Growing up in Uruguay as a flamboyant, feminine, gender-bending kid meant being the target of state-sanctioned persecution during the brutal dictatorship in the 1970s and the decades that followed.
But now, in 2018, that small South American country is considered one of the most progressive in the world for transgender rights.
When we started the project Transmasculinidad two years ago, we wanted to show how legislation, or lack thereof, translated into everyday life. We wanted to show what it means when politicians vote to broaden social support or restrict access to benefits. We wanted to translate legalese into a human face.
So this month, in honor of Pride, we want to celebrate Uruguay where being transgender is respected.
The Ministry of Health recognizes that the transgender population has historically been treated horrendously and urges improvement. They write that trans people face discrimination, violence, and social exclusion, noting that 80 percent of transgender people in Latin America die before the age of 35. To correct this horrific trend, Uruguay has been implementing policies like a monthly subsidy specifically for transgender people, the only requirement is that you identify as trans and register with the Department of Social Development, MIDES, in order to receive monthly cash assistance. It’s not a huge amount, but it helps.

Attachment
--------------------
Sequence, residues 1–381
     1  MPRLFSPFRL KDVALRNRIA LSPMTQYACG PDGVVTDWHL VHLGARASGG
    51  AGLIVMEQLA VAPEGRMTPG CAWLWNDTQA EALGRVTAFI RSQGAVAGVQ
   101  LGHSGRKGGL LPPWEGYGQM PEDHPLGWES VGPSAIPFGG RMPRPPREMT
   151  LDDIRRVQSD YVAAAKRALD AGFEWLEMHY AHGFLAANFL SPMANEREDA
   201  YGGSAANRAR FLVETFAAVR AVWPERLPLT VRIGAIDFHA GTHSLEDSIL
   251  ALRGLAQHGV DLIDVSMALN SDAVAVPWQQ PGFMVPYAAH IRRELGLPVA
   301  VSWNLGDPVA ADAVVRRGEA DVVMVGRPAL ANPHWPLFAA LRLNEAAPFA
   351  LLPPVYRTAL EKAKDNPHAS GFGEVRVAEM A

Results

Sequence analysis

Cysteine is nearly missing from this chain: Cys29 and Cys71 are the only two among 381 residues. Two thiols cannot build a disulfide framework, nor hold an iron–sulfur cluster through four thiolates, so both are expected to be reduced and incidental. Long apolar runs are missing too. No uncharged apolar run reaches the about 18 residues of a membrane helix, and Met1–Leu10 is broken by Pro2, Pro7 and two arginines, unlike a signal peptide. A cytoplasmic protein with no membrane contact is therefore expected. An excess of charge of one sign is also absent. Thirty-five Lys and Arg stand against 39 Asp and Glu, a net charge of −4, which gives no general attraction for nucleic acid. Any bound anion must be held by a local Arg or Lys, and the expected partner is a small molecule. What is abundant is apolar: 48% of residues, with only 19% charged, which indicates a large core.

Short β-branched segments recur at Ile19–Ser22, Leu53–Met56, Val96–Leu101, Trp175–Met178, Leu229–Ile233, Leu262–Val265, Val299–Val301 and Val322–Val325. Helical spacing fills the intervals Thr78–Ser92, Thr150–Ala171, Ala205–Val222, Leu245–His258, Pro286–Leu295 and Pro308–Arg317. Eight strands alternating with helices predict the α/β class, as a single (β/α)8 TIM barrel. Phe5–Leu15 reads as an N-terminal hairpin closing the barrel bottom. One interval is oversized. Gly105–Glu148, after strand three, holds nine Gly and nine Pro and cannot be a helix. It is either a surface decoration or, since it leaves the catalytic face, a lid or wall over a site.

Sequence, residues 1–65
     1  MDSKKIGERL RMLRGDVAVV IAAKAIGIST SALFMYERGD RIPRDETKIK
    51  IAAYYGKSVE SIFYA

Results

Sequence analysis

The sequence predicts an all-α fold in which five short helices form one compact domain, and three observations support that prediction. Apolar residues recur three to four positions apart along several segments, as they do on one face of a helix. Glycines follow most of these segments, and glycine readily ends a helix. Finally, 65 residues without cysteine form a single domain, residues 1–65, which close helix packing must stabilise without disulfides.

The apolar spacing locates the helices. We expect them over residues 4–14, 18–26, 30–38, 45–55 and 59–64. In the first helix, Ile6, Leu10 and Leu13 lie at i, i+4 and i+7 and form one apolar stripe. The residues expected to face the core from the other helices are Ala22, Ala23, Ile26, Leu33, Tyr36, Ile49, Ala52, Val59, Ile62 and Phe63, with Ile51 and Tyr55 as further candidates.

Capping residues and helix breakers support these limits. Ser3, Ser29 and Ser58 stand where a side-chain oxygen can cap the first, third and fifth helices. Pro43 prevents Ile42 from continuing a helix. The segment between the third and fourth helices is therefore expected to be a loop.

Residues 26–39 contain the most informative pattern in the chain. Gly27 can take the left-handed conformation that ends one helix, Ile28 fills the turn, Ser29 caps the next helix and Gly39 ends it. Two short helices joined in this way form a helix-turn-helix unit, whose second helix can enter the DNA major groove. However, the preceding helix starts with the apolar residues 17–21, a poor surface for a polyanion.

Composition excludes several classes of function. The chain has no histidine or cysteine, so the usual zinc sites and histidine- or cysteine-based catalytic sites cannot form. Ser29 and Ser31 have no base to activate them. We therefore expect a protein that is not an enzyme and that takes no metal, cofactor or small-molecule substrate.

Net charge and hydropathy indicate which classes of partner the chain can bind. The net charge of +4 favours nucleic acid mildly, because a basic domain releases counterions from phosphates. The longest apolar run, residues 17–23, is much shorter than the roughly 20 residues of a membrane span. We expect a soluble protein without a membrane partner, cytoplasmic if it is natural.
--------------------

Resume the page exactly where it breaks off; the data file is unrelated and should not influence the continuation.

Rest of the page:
Transgender people also have access to a national public health system that covers hormone therapy, doctor visits, and gender-affirming surgery because the Ministry of Health affirms that these are important health issues for the trans community.
In 2016, the government published the first-ever census of the transgender community, in which they found that 853 Uruguayans identify as trans. The census also found that 75 percent of the trans population didn’t finish high school and that a quarter are cut off from family relations.
Now, the Uruguayan government is looking at a proposal to make the country even more progressive. It would create scholarships and programs to foster a better educational experience and set aside a percentage of government jobs specifically for trans people. It would also create a pension for trans women who were tortured by the previous administrations in the ‘70s, ‘80s, and ‘90s.
Legislation can’t undo the past, and it can’t change the minds of bigots, but it can go a long way to repair the hurt and support an incredibly vulnerable community in need.